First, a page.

• Leslie DeChurch, PhD, Georgia Institute of Technology, Associate Professor, Industrial/Organizational Psychology
  • Barbara Gray, PhD, Penn State University, Professor, Organizational Behavior, Director, Center for Research in Conflict and Negotiation, Smeal Executive Programs Fellow
  • Steve Kozlowski, PhD, Michigan State University, Professor, Department of Psychology

WEDNESDAY, APRIL 18, 2012

10:30 AM-12:00 PM
Advances in Team Science Evaluation (Session 6)

Team science is a complex construct that requires a variety of evaluation approaches to address the broad range of relevant questions and interests. This panel presents cutting edge work being done in evaluation that spans from micro to macro levels and uses diverse approaches. At the micro level of the individual and team, scientific work fundamentally involves an interpersonal process of exchange among scientists.  Local evaluations of team science can benefit by taking this interpersonal process into account when attempting to understand scientific collaboration and its relationship to innovation and discovery. The lens of research on collective intelligence is used to consider the key processes necessary to foster a sufficient diversity of information and perspectives, coupled with tools and practices for information integration, to enable the collective intelligence of diverse groups of investigators to emerge. At a more intermediate “meso” level evaluation work is presented that uses research publications and citations to develop an array of maps to visualize researcher networks. These visual devices are useful for research program evaluations, with an emphasis on gauging interdisciplinarity. At a more macro level, quasi-experimental designs can help us to better understand collaboration, productivity and impact of transdisciplinary research teams.  Examples of results of evaluations conducted using multi-method approaches to examine patterns at the individual, project, center and initiative levels will be presented. As the science of team science matures the corresponding approaches to evaluating it needs to evolve. The panel will discuss how the variety of evaluation studies and the methods they have employed suggest new and emerging paths for the evaluation of team science.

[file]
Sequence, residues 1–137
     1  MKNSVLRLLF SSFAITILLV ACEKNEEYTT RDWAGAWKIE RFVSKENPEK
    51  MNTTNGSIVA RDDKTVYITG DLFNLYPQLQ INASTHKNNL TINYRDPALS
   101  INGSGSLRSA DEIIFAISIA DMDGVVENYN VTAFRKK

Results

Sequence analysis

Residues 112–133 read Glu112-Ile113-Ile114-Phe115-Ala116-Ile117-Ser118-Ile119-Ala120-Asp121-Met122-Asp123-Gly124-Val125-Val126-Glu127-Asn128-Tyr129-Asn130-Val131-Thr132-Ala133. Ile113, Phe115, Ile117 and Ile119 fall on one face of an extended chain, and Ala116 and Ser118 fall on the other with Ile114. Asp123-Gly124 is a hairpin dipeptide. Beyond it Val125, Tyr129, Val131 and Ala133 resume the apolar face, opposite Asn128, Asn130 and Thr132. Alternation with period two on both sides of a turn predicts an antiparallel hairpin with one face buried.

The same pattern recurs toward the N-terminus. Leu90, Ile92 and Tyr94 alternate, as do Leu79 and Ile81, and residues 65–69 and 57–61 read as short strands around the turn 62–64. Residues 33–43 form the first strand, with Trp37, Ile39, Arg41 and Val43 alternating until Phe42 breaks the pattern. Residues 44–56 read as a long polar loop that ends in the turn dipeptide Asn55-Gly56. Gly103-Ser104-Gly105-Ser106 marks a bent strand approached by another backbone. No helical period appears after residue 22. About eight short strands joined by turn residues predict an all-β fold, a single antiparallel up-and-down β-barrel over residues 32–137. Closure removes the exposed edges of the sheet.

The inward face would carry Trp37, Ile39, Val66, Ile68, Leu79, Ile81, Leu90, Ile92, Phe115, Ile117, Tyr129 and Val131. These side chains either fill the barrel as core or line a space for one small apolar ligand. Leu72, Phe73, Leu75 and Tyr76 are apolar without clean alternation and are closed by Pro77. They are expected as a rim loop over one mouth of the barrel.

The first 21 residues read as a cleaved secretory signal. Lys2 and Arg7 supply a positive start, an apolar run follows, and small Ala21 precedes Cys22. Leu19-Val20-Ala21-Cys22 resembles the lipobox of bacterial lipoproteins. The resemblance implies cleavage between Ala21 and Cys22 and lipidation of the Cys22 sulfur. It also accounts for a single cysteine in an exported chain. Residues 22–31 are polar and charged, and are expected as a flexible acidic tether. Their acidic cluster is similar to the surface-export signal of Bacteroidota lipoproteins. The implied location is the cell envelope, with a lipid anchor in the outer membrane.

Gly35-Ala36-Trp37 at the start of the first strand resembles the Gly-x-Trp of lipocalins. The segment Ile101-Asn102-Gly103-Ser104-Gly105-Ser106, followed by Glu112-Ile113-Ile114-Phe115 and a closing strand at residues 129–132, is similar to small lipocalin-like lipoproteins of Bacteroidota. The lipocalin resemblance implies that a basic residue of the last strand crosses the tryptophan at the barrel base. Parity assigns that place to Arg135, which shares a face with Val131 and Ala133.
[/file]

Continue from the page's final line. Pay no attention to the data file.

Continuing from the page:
• Kara Hall, PhD, National Institutes of Health, Program Officer, National Cancer Institute, Division of Cancer Control and Population Sciences, Behavioral Research Program
  • Alan Porter, PhD, Georgia Tech, Professor, School of Public Policy and Industrial & Systems Engineering (ISyE)
  • Anita Woolley, PhD, Carnegie Mellon University, Assistant Professor, Organizational Behavior & Theory

1:15-2:45 PM
Overcoming Barriers to Knowledge Sharing and Communication (Session 7)

Barriers in knowledge sharing and communication are key challenges in cross-disciplinary research teams.  The panelists in this session will address approaches for overcoming such barriers.  First, the presentations will consider the role of tacit knowledge in interdisciplinary work and how team members can share knowledge by learning to speak—and listen—from experience.  Second, they’ll examine the construction of integrated conceptual frameworks that link knowledge and expertise across disciplines and how sharing knowledge across disciplinary perspectives generates new, co-created knowledge.  Third, the role of brokers, whether internal or external to the team, and their ability to catalyze the generation of conceptual connections between disciplines will be discussed.  Toward the goal of effective praxis of team science, the presenters will share information about key intervention points and guiding principles for knowledge sharing based on experiential and empirical data.